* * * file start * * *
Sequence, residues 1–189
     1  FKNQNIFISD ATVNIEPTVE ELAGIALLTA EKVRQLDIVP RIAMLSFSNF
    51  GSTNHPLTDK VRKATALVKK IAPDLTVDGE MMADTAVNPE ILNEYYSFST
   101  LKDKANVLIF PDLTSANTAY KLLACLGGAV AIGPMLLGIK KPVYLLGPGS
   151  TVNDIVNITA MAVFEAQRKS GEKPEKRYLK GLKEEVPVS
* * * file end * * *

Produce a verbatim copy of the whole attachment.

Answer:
Sequence, residues 1–189
     1  FKNQNIFISD ATVNIEPTVE ELAGIALLTA EKVRQLDIVP RIAMLSFSNF
    51  GSTNHPLTDK VRKATALVKK IAPDLTVDGE MMADTAVNPE ILNEYYSFST
   101  LKDKANVLIF PDLTSANTAY KLLACLGGAV AIGPMLLGIK KPVYLLGPGS
   151  TVNDIVNITA MAVFEAQRKS GEKPEKRYLK GLKEEVPVS